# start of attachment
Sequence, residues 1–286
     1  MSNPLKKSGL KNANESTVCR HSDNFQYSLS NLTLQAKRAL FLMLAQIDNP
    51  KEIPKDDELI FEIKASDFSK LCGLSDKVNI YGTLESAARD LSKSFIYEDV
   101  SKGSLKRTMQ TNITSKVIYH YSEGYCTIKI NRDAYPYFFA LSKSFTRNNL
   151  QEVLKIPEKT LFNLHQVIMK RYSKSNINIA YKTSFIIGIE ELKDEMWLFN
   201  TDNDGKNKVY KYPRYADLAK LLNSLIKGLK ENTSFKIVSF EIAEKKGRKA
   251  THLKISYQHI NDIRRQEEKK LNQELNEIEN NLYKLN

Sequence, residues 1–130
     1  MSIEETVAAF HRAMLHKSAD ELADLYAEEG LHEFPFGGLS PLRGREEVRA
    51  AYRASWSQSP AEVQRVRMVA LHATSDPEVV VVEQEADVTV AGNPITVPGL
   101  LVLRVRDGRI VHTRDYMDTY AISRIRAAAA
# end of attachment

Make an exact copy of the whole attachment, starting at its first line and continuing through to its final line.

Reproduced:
Sequence, residues 1–286
     1  MSNPLKKSGL KNANESTVCR HSDNFQYSLS NLTLQAKRAL FLMLAQIDNP
    51  KEIPKDDELI FEIKASDFSK LCGLSDKVNI YGTLESAARD LSKSFIYEDV
   101  SKGSLKRTMQ TNITSKVIYH YSEGYCTIKI NRDAYPYFFA LSKSFTRNNL
   151  QEVLKIPEKT LFNLHQVIMK RYSKSNINIA YKTSFIIGIE ELKDEMWLFN
   201  TDNDGKNKVY KYPRYADLAK LLNSLIKGLK ENTSFKIVSF EIAEKKGRKA
   251  THLKISYQHI NDIRRQEEKK LNQELNEIEN NLYKLN

Sequence, residues 1–130
     1  MSIEETVAAF HRAMLHKSAD ELADLYAEEG LHEFPFGGLS PLRGREEVRA
    51  AYRASWSQSP AEVQRVRMVA LHATSDPEVV VVEQEADVTV AGNPITVPGL
   101  LVLRVRDGRI VHTRDYMDTY AISRIRAAAA